Consider that some 500 million years ago, the Twin Cities teemed with tropical marine life. A mere 50,000 years ago, the region was buried beneath glacial ice and local wildlife included prehistoric elephants. These fantastic scenes, so alien to our modern surroundings, are nevertheless evident in the geology of the Twin Cities. This one-day immersion offers the opportunity to visit local sites that reveal the fascinating geology of our distant past.
The day will begin with an illustrated presentation about the region’s geological history. You’ll also learn how to see and interpret the local landscape through a geologist’s eyes.
We’ll then travel by coach to several sites that illustrate the startling geological contrasts to be found in the region. First, we’ll ride to Mounds Park to see the geological development of the Mississippi River, including a waterfall that once rivaled the mighty rush of Niagara Falls. Then to Lilydale Park, where you will hunt for fossils, including those of 450-million-year-old marine creatures.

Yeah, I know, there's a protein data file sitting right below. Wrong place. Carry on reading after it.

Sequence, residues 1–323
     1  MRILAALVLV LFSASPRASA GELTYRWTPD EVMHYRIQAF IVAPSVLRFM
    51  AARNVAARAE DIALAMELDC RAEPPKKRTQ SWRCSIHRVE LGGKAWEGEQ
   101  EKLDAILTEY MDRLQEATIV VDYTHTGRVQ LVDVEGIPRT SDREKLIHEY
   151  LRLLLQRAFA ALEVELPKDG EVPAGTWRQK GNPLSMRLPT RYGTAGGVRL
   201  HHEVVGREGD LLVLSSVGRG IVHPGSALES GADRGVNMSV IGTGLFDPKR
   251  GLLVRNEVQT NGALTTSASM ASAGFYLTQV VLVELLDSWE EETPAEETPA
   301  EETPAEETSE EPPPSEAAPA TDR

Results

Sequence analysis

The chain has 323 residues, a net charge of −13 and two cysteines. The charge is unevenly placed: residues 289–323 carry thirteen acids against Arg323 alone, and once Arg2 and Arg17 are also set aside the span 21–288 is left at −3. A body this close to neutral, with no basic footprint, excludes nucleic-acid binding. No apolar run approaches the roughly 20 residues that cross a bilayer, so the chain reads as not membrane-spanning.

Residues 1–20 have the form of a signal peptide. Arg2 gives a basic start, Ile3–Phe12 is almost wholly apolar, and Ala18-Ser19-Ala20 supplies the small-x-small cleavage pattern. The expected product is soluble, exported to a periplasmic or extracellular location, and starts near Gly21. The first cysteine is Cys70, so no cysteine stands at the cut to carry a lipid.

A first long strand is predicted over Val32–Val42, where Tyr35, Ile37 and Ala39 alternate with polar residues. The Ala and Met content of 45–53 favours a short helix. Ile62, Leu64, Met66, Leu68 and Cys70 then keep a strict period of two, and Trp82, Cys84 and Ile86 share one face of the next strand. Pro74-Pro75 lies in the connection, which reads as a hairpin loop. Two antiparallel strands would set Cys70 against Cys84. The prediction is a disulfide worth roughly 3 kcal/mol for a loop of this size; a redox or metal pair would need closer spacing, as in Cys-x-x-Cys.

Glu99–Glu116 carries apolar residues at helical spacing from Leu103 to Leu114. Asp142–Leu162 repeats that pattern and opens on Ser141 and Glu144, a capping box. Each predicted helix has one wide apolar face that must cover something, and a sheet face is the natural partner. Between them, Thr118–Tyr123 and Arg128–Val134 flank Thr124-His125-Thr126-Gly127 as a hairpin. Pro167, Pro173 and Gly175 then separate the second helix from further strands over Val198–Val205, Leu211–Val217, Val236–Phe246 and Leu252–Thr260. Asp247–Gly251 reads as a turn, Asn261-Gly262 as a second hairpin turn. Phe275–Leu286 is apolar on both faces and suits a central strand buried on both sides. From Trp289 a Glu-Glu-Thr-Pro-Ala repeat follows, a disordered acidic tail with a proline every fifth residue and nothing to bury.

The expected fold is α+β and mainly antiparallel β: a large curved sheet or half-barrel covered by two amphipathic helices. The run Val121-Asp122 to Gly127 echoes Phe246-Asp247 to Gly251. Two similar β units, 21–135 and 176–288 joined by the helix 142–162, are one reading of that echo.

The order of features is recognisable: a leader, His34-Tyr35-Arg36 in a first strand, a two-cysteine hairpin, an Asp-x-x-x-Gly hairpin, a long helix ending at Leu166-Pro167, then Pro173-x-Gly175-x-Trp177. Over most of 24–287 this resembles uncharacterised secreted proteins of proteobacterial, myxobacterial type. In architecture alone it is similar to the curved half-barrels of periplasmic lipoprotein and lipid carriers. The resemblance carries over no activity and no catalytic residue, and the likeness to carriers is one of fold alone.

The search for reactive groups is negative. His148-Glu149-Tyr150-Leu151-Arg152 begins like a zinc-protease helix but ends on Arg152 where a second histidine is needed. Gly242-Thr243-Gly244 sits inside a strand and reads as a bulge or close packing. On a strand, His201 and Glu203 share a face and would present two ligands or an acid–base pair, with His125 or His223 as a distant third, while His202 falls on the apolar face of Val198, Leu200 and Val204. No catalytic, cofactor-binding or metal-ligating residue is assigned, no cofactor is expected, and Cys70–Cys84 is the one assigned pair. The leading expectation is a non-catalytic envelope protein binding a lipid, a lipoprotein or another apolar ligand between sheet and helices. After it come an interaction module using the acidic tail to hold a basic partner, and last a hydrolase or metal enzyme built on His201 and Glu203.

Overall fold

At Ford Dam Overlook, we’ll learn to identify the common rocks underfoot and read the evidence showing the site was once home to a large waterfall. Finally, at Minnehaha Falls, you will see where the “migrating” falls of the Mississippi River have come to rest and uncover clues to the area’s more recent glacial past.
Participants should be prepared to walk on uneven and potentially damp terrain. Tuition includes transportation, meals, and refreshments. Itinerary subject to change.
Jim Miller, PhD, University of Minnesota, is an associate professor of geology at the University of Minnesota, Duluth, where his research specialty is the geology of northeastern Minnesota. Previously a senior geologist with the Minnesota Geological Survey, Miller has conducted geological research and led field trips for geologists and nongeologists for more than 30 years.